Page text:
12. Kumar PL, Jones AT, Sreenivasulu P, Reddy DVR (2000) Breakthrough in the identification of the causal virus of pigeonpea sterility mosaic disease. J Mycol Plant Pathol 30:249Google Scholar
  13. Kumar PL, Jones AT, Reddy DVR (2003) A novel mite-transmitted virus with a divided RNA genome closely associated with pigeonpea sterility mosaic disease. Phytopathol 93:71–81CrossRefGoogle Scholar
  14. Lillemo M, Singh RP, van Ginkel M (2010) Identification of stable resistance to powdery mildew in wheat based on parametric and nonparametric methods. Crop Sci 50:478–485CrossRefGoogle Scholar
  15. Mitra M (1931) Report of the imperial mycologist. Scientific Reports of the Agricultural Research Institute, India, pp 58–71Google Scholar
  16. Nagaraj KM, Chikkadevaiah Muniyappa V, Rangaswamy KT, Kumar PL (2006) Evaluation of pigeonpea genotypes for resistance to Pigeonpea sterility mosaic virus-B isolate. Ind J Plant Prot 34:216–220Google Scholar
  17. Nene YL, Kannaiyan J, Reddy MV (eds) (1981) Pigeonpea diseases: resistance-screening techniques. Information Bulletin No. 9, International Crops Research Institute for the Semi-Arid Tropics, Patancheru, Andhra Pradesh, IndiaGoogle Scholar
  18. Nene YL, Reddy MV, Beniwal SPS, Mahmood M, Zote KK, Singh RN, Sivaprakasam K (1989) Multilocational testing of pigeonpea for broad-based resistance to sterility mosaic in India. Ind Phytopathol 42:444–448Google Scholar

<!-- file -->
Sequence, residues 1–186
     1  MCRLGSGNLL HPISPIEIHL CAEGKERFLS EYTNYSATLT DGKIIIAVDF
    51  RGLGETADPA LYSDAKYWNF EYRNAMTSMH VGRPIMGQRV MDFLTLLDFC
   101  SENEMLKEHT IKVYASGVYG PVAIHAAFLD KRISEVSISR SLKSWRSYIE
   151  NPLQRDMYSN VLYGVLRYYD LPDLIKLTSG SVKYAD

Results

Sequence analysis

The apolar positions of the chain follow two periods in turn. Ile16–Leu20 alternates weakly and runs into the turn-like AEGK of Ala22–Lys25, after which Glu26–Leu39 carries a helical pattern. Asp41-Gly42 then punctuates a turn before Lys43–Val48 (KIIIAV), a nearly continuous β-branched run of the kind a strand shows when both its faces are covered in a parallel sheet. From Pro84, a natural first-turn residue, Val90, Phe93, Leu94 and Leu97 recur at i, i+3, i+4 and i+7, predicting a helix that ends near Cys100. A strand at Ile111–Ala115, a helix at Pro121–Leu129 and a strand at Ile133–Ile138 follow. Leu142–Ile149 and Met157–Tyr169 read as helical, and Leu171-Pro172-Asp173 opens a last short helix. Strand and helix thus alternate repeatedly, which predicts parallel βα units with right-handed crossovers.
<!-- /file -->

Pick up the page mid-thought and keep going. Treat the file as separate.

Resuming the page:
19. Pande S, Sharma M, Gopika G, Rameshwar T (eds) (2012) High throughput phenotyping of pigeonpea diseases: stepwise identification of host plant resistance. Information Bulletin No. 93. International Crops Research Institute for the Semi-Arid Tropics, Patancheru, Andhra Pradesh, IndiaGoogle Scholar
  20. Pande S, Sharma M, Gaur PM, Basandrai AK, Kaur L, Hooda KS, Basandrai D, Kiran Babu T, Jain SK, Rathore A (2013) Biplot analysis of genotype × environment interactions and identification of stable sources of resistance to Ascochyta blight in chickpea (Cicer arietinum L.). Australas Plant Pathol 42:561–571CrossRefGoogle Scholar
  21. Rashid Z, Zaidi PH, Vinayan MT, Sharma SS, Srirama Setty TA (2013) Downy mildew resistance in maize (Zea mays L.) across Perenosclerospora species in lowland tropical Asia. Crop Prot 43:183–191CrossRefGoogle Scholar